Author Topic: The Cognitive Tradeoff Hypothesis  (Read 261 times)

Offline Vetus Ordo

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The Cognitive Tradeoff Hypothesis
« on: May 12, 2019, 11:04:01 AM »
The Cognitive Tradeoff Hypothesis


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Itís clear that animal species have different skills and talents that are appropriate for their niche in the environment. Every animal has a limited amount of brain power and size, so every skill and talent has an opportunity cost. This is not controversial or particularly questioned.

The Cognitive Tradeoff hypothesis is about tradeoffs apparent between chimpanzees and human, because it speaks directly to who we are as a species. The evidence suggests that chimps have a much superior short term memory relative to humans. I wonít try to explain the magnitude of the difference, but the video reference shows it well.

The CT hypothesis suggests that losing short term memory is one of the costs of our entering a new environment, the savanna, with different challenges than were faced by chimpanzees, who stayed in the forest. The hypothesis is that our language facility was developed at the cost of short term memory, and that language (and the symbolic thinking that accompanies it) were more valuable to us than memory. Dr. Matsuzawa gives excellent reasons why that might be so.

While there is a lot of truth and insight in the hypothesis, there are some problems with it, and Iíll introduce you to them.

  • We have three times as many neurons as the chimp, so there wasnít necessarily a need to lose anything to get our new facilities. That doesnít preclude an evolutionary bottleneck that did.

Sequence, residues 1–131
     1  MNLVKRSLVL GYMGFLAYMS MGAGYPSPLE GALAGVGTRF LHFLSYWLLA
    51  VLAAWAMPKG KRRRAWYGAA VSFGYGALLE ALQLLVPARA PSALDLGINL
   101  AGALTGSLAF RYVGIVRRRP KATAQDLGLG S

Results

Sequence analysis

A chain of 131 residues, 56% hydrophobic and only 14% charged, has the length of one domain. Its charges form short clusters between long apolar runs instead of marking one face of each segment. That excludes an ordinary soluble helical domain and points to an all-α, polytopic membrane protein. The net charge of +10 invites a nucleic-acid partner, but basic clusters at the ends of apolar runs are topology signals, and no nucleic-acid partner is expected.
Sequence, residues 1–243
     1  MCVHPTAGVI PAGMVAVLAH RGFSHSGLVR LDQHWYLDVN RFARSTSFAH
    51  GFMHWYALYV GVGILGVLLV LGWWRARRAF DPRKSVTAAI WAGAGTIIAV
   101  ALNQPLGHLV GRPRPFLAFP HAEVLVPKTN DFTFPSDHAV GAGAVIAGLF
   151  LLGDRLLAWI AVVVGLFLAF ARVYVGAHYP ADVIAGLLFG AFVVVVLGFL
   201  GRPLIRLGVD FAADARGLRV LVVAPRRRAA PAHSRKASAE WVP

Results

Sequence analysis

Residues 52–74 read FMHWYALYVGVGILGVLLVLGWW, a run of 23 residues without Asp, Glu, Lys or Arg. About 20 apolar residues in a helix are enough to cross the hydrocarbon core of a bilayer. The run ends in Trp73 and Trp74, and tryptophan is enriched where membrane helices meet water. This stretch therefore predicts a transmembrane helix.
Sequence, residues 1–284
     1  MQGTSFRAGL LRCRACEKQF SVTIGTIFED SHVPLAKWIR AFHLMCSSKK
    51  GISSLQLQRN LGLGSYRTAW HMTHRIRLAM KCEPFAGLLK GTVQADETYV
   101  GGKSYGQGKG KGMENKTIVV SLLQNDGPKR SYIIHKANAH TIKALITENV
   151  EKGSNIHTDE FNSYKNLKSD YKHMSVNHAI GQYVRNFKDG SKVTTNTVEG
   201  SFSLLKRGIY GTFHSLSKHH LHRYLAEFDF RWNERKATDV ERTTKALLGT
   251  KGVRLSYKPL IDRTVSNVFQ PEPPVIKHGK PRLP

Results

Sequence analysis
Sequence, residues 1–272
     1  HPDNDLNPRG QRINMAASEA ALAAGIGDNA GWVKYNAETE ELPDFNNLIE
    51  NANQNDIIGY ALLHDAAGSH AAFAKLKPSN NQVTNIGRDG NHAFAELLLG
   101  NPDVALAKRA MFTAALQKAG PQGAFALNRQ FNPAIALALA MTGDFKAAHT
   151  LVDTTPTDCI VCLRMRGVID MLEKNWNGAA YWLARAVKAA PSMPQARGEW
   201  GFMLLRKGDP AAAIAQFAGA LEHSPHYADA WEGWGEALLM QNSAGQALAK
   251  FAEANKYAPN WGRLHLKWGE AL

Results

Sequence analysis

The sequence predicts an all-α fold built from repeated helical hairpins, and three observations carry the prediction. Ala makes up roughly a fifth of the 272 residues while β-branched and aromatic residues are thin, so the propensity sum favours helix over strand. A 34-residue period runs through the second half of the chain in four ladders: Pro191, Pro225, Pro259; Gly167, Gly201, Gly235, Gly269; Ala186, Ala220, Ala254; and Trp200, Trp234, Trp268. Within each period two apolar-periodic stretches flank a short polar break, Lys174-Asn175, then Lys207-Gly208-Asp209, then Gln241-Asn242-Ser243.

• What the video evidence shows is short term memory, which in humans is mediated by the limbic system, not the cortex. Only with consolidation does memory migrate to the cortex. The limited resources there might be the source of the tradeoff, but again, our larger number of neurons might have mitigated the tradeoff.
  • The recent evolution of chimps and humans have been in completely different environments, with different survival needs, so the difference might be adaptive rather than a tradeoff.

The last item is what I want to say more about. One of the biggest differences between chimps and humans is their level of socialization. Chimps live in small clans with rigid hierarchical social networks. In such a social environment, tiny details can be major factors in maintaining social survival of the individual and even the group.

Humans have a much more open social structure, and we have successfully(?) proven our ability to live in crowded cities of tens and hundreds of thousands. I propose that doing so requires weaker short term memory. Another tradeoff that wasnít discussed is that we dedicate enough memory in the Fusiform Face Area in the right hemisphere to differentiate and remember hundreds of human faces, something a chimp has never needed. Carefully remembering all the slights and injustices each of them perpetrated on us would not encourage social cohesion.

I like the Cognitive Tradeoff hypothesis, but we donít have to adopt every hypothesis that we like. Scientists tend to hold marginal hypotheses in reserve rather than accept/reject them. They may prove useful in the future.
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Offline Kreuzritter

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Re: The Cognitive Tradeoff Hypothesis
« Reply #1 on: May 14, 2019, 05:25:08 AM »
When people telling untestable just-so stories pretend they are conducting science ...